Top/bottom ten

The greatest hits and worst miseries of the tour, not necessarily in order of how good or bad they were and not necessarily ten of each:

Tour top 10:

New York week (after the first 50 miles) -Finger Lakes/wading in Lake Ontario after a cold front came through, temperature and humidity went down, tailwind all morning; up and down through the Adirondacks, beautiful day in Lake Placid. If you took away the first 50 miles and replaced them with the first 50 miles of the next week, this could be #1.867CEBD3-27F5-4014-AACC-1FC37BBC5BE8

Wisconsin week – Cannon Trail, the Great River Rd., Baraboo Bluffs/Devils Lake/Merrimac ferry, Kettle Moraine Scenic Drive. Great roads and no traffic all week. (Visits from family and friends put this one over the top, but it was already great.) 

The ride into Baraboo contained the single steepest climb of the entire trip ( a short stretch of Terrytown Road). 

The Sparta to Elroy Trail, while the first Rails-to-Trails conversion, has been surpassed by several others. It was actually the low point of the week. While the tunnels are a novelty, riding for 30+ miles on gravel is not my cup of tea and takes a toll on the bike. I know, gravel riding is the new thing, but I’d rather ride on pavement if given the choice.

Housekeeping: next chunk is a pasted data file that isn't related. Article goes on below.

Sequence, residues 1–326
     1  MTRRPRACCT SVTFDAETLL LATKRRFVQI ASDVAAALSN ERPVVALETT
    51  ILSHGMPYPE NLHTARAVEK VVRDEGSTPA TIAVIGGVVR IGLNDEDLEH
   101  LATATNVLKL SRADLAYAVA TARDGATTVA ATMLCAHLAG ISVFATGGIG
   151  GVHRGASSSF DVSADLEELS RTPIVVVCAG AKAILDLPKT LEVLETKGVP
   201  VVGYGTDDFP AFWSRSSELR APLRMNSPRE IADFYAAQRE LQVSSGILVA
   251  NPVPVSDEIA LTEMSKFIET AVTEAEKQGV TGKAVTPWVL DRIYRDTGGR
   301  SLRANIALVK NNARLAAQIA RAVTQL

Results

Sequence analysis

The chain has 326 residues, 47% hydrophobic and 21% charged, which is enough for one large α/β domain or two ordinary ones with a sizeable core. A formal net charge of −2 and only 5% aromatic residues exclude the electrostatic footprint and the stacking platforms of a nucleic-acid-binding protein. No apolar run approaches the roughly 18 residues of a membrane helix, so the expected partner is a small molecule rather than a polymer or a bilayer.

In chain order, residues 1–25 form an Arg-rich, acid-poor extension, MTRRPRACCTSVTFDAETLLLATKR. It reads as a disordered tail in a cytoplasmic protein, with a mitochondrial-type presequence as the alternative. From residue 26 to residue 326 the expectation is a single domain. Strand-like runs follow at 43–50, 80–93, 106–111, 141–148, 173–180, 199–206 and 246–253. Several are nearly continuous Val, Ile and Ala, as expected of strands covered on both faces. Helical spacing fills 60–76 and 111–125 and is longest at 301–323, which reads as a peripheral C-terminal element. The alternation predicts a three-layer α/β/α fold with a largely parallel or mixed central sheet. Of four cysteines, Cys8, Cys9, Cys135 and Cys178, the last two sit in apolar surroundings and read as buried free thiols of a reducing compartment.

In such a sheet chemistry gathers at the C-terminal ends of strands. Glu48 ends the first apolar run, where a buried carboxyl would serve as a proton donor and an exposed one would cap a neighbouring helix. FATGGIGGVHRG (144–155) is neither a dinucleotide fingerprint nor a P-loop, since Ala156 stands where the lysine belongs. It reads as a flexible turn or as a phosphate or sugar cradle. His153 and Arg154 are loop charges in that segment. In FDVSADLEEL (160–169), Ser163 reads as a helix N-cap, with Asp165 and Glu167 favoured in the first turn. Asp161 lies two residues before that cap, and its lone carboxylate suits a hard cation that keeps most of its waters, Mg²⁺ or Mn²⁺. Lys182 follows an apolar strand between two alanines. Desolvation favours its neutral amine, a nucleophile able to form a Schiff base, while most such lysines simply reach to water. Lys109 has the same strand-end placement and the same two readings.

I’m almost reluctant to admit that the area I ride regularly was the high point, but it also assures me that I live in the right place.AA48B9A9-93D9-405F-B4A3-8637855C927A

Needles highway/Black Hills/Badlands – The Needles Highway was the single high point. This was a magical fairyland, otherworldly in its beauty. I am amazed that I never knew of this place. I could ride that road ten more times and still see new things. The area was phenomenal and the road was the best we rode in >4300 miles.   E2692CEC-A68A-498A-9B90-C0D7F1978AC7

The Badlands are also otherworldly. Different, in that they can be seen as bleak in broad daylight, but change minute-by-minute in early morning light. Like Needles ugh way, I wanted to ride that same road again at sunset after riding it at sunrise. 

Bike path through Grand Teton National Park, climbing Teton Pass, descending to Jackson Hole and a great bike path. The path through the park kept us away from traffic and in view of the mountains. I met Santa Claus at the foot of Teton Pass, along with a group riding from Texas to Alaska. The pass was steep and tough, getting steeper as it went. Standing at the top of the pass was a feeling of accomplishment and gave a great view of the valley below. After descending to the valley we were led on a secluded path into town. The valley is well set up for bicycles, with paths connecting the towns.

Thompson Pass – first time over the continental divide and first big pass, descent into Thompson Falls, a town mostly owned by a single family, where we saw their bar, ice cream shop, catering service, and bus service.